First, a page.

In a previous post, I introduced you how to the art of vectorize your code. Here I continue in this serie and present some additional tips. I show how to use repmat to process series of elements all at once.
As a neuroscientist, it often came to me that I had to process multiple time traces. Each one of these time traces was an individual trial of the same experiment. So my data matrix Trials was N by T where N is the number of repetition and T the number of time points. A very common thing to do is to substract the average over time from each trial. With for loops you would do :
for i=1:N AverageValue=mean(Trials(i,:)); Trials(i,:)=Trials(i,:)-AverageValue; end
To vectorize this code, you first need to get an average matrix. You need to process all the trials at the same time. mean is quite handy for that as mean(Trials,2) will average all the rows and create a column of all the average.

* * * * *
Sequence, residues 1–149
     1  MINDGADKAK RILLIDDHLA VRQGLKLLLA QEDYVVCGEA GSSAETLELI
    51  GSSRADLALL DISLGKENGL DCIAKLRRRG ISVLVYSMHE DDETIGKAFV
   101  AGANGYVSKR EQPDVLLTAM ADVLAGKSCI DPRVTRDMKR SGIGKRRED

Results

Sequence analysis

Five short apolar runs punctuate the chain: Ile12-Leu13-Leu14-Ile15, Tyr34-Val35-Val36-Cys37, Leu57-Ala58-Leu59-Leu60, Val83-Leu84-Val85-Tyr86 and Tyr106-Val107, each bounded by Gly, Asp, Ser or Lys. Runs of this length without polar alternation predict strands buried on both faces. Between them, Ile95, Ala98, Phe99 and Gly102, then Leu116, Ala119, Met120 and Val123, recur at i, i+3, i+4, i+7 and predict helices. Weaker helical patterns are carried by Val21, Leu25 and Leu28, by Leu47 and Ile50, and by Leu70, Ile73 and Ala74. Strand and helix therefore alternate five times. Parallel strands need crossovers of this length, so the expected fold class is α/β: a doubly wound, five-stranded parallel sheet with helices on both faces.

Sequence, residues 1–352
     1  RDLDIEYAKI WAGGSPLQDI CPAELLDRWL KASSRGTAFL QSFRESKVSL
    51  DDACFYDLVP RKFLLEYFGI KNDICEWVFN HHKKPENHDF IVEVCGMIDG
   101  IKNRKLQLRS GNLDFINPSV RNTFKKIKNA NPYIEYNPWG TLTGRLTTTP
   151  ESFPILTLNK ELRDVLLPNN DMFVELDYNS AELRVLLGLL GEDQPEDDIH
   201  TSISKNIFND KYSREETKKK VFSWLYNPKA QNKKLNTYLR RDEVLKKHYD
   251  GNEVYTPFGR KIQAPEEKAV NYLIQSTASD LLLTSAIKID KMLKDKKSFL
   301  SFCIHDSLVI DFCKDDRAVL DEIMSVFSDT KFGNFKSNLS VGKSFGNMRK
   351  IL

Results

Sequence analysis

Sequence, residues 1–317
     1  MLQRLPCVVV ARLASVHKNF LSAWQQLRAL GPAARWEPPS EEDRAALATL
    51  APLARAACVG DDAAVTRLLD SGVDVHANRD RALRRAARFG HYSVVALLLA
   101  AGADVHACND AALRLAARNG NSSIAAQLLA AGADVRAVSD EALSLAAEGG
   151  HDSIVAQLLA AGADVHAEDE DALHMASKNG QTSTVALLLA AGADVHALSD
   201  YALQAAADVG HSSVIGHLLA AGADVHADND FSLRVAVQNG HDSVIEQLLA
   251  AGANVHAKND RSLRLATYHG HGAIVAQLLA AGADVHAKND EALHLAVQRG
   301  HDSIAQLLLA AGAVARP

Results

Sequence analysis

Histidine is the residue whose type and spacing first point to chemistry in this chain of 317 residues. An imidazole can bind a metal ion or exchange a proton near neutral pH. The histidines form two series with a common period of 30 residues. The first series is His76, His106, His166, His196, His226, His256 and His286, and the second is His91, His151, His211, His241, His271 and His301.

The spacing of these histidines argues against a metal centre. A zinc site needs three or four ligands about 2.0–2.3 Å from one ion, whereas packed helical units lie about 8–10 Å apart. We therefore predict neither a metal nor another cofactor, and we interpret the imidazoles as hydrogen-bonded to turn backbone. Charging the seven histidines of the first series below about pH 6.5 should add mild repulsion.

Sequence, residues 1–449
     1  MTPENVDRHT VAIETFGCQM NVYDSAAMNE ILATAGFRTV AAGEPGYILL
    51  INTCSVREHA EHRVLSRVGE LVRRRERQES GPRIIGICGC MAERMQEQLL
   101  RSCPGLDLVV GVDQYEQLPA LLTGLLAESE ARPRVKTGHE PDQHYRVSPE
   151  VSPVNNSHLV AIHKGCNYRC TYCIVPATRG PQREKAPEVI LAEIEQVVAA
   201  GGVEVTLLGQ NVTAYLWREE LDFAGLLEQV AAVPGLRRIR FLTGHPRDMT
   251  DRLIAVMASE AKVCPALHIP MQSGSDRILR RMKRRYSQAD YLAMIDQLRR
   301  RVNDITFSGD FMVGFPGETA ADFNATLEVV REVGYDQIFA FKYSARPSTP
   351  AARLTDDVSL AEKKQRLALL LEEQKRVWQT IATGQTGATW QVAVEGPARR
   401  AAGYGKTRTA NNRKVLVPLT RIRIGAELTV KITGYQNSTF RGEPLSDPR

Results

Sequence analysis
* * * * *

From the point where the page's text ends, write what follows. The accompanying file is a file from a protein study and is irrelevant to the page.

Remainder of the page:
Once you have the average, you face the problem that Trials is a big matrix, so you need to recreate a big average matrix of the same size. repmat is just what you need. It will duplicate your average column over all the T time points.
For instance with A=[1 2 3], repmat(A,2,1) will be
1 2 3
1 2 3
Using repmat, the vectorized version of this for loop is :
AverageValue=mean(Trials,2); ReplicatedAverage=repmat(AverageValue,1,T); Trials=Trials-ReplicatedAverage;